Disney (NYSE: DIS) laid out its ambitious plans for Disney+, its forthcoming flagship streaming service, at its investor day last month. Management expects to reach between 60 million and 90 million subscribers by 2024, all paying around $7 per month or $70 per year.
CEO Bob Iger has told investors to brace for a negative impact on net income as Disney transitions to more direct-to-consumer distribution. Indeed, the company expects an incremental operating loss of $460 million this quarter as a result of its investments in streaming. A portion of those losses will come from forgoing some licensing revenue from its film and television output, as well as marketing and technology expenses.
But giving up revenue in exchange for establishing a more direct relationship with consumers will ultimately benefit Disney. And it has a massive opportunity to cannibalize itself and quickly grow its subscriber base.
Image source: Disney.
Where Disney+ subscriber budgets will come from
Disney is currently giving up some streaming video on demand (SVOD) licensing revenue to keep its titles for itself. Ultimately, however, SVOD revenue will remain steady as Disney merely licenses streaming content from itself for Disney+ and its other direct-to-consumer services.
Disney+ will spend around $1.5 billion licensing content from Disney's studio entertainment and media networks division. That's about one-fifth of its total SVOD/TV distribution revenue from last year.
The revenue Disney will cannibalize is its home entertainment revenue, which totaled about $1.75 billion last year. Remarkably, Disney's home entertainment sales have remained consistent despite the rise of streaming services over the last decade. Here's how the last six years stack up.
Home entertainment revenue (in billions)
Data sources: Disney's 2018 10-K and 2015 10-K.
Importantly, that revenue is just Disney's take of its home entertainment segment. Distributors typically mark up prices in order to make a profit on each sale. So consumers are spending a lot more than that on Disney every year.
Transitioning from one-time consumers to ongoing subscribers
Let's say Disney keeps about two-thirds of every home video sale. (That's probably generous.) That means consumers are spending $2.6 billion to $3.1 billion per year on Disney content already. That's outside of what's available on streaming services.
If Disney can convince consumers to switch their budgets from one-time DVD purchases to ongoing subscriptions, it'll win over 31 million to 44 million subscribers without requiring consumers to spend anything extra on home entertainment. That's halfway to its goal already.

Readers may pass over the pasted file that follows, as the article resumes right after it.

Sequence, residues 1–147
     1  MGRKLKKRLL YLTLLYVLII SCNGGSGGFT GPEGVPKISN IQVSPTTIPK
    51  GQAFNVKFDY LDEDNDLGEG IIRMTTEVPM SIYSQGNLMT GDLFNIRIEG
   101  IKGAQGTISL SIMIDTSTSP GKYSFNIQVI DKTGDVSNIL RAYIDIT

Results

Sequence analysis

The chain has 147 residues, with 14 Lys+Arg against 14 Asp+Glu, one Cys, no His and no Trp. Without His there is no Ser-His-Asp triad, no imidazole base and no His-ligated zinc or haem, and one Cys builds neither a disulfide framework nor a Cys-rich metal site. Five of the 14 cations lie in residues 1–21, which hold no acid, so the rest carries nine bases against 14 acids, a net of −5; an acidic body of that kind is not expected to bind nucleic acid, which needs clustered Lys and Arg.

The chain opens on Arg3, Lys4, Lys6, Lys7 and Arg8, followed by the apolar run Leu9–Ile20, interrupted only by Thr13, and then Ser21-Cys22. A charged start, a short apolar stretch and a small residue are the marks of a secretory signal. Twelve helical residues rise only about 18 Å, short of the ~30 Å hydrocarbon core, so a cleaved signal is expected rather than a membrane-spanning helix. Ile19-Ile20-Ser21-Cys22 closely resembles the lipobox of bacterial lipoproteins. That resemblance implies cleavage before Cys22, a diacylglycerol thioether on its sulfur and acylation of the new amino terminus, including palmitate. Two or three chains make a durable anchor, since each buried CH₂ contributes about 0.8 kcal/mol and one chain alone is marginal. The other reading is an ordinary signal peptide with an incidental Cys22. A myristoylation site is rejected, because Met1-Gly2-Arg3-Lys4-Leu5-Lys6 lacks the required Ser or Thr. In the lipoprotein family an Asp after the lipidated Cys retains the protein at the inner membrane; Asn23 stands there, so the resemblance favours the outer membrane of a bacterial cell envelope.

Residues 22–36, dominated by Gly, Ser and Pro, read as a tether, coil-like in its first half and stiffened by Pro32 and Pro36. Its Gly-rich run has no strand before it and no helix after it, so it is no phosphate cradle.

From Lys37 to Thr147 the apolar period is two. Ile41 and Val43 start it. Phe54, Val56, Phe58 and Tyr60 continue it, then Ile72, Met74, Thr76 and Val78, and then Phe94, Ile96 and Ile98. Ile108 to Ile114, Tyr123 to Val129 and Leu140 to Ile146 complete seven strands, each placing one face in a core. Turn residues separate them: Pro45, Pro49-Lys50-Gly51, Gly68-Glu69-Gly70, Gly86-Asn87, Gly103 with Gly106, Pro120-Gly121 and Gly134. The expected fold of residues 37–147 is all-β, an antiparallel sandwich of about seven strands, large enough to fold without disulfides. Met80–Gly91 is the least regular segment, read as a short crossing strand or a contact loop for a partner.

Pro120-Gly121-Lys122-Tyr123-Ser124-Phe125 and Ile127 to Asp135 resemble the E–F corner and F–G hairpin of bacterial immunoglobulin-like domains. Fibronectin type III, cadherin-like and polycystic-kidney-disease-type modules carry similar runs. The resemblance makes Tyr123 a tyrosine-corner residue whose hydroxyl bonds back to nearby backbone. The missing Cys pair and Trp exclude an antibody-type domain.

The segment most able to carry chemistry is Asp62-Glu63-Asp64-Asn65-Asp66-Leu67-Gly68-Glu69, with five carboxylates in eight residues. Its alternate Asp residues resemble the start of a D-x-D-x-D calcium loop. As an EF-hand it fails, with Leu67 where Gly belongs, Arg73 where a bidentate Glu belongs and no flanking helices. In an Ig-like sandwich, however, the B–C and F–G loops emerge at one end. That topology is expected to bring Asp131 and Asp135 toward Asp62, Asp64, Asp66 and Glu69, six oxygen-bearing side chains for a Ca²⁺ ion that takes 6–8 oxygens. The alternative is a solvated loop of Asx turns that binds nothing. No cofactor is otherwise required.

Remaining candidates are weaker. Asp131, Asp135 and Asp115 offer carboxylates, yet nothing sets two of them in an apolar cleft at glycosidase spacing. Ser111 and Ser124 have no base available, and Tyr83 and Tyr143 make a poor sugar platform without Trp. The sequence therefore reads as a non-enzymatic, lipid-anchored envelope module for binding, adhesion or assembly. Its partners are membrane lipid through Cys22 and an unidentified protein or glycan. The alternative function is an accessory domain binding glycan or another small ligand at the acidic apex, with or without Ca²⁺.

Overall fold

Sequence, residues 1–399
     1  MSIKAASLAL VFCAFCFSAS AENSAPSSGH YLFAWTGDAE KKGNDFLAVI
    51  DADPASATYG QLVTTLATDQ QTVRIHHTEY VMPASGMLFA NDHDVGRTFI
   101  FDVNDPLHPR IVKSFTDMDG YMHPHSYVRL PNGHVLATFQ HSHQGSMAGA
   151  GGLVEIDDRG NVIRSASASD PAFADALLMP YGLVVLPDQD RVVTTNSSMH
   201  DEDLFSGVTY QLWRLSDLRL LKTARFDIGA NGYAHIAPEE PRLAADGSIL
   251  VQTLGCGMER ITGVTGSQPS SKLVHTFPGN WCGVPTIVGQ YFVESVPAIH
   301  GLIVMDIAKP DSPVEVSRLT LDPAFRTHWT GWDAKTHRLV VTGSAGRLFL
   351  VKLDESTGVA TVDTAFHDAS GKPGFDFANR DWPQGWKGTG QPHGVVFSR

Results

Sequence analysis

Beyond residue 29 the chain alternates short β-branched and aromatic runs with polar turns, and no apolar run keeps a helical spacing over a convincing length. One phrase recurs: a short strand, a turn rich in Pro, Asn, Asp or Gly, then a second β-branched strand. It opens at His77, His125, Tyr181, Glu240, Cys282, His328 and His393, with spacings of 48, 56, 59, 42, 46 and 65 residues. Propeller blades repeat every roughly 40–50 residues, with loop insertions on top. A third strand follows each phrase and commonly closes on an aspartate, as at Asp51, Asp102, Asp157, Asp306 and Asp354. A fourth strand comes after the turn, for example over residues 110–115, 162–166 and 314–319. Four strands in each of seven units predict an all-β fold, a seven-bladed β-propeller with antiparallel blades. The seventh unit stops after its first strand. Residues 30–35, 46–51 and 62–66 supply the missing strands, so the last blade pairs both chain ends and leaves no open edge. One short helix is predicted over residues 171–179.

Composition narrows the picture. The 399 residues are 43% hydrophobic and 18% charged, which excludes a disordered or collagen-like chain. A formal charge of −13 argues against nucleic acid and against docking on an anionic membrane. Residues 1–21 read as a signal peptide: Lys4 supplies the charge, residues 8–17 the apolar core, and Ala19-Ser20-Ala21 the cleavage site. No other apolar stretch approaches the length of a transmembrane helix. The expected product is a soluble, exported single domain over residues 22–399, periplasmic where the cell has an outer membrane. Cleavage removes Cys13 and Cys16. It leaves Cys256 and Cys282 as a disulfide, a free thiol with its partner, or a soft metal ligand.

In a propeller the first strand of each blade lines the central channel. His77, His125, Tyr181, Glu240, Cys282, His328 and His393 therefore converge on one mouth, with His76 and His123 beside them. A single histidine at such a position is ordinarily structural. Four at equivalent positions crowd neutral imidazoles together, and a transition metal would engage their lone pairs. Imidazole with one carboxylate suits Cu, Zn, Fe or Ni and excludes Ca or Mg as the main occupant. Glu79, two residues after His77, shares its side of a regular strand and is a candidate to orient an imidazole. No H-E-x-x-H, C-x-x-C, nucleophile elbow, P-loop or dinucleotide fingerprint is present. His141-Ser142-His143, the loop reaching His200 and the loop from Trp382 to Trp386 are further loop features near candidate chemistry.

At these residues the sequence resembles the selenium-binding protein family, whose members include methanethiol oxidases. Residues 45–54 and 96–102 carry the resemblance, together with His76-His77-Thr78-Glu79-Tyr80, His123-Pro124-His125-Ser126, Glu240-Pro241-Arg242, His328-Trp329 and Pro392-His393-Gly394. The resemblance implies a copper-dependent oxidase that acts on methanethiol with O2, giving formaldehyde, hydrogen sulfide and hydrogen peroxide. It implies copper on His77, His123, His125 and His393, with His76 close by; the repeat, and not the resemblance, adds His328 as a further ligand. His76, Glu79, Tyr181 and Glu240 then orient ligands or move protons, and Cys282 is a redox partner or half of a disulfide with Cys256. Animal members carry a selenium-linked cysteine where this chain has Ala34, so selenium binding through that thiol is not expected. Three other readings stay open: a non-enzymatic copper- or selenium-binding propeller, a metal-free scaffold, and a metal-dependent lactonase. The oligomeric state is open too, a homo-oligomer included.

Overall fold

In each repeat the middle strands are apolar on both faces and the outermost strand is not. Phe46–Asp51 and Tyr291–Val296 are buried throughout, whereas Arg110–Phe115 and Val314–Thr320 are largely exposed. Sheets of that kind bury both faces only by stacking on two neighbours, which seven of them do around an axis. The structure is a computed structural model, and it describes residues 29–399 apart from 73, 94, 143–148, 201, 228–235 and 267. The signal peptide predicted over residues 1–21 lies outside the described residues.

Granted, it's unlikely Disney will completely cannibalize its home entertainment sales, but the company can exercise at least some control over how consumers access its films at home. Instead of releasing films straight from theaters to DVD and Blu-ray, the company could provide an exclusive window to Disney+.
Disney currently does the exact opposite, creating an exclusive window for DVD sales before films are available for streaming. That may be part of the reason why the company's been able to sustain strong home video sales despite increased streaming video subscriptions. But the economics of Disney+ incentivize the switch.
Disney+ can be more profitable than DVD sales
There are a couple factors that will make Disney+ more profitable than traditional home video sales.
First and foremost, Disney+'s gross margin is likely higher. It keeps all the subscription revenue, or it pays out at most 30% to a digital distribution platform (where the cut likely falls closer to 15% over time). Automatically, it's keeping more of every sale. The marginal cost of each sale is likely lower as well because Disney isn't shipping a physical product.
Second, Disney can see greater marketing efficiency from selling a film on Disney+ than it could from selling the same film on DVD. The lifetime customer value of a Disney+ subscriber is likely higher than that of a DVD buyer.
Consumers might spend billions on Disney videos every year in aggregate, but that doesn't mean each individual consumer is spending more than $70 per year on Disney videos. If Disney can convince them to try Disney+ instead of buying a DVD, it can likely generate incremental revenue over traditional home video sales.
More revenue and higher gross margin is a pretty clear recipe for increased profits. And the transition from home entertainment revenue to direct-to-consumer revenue ought to be relatively smooth, making this a win for Disney and its investors.
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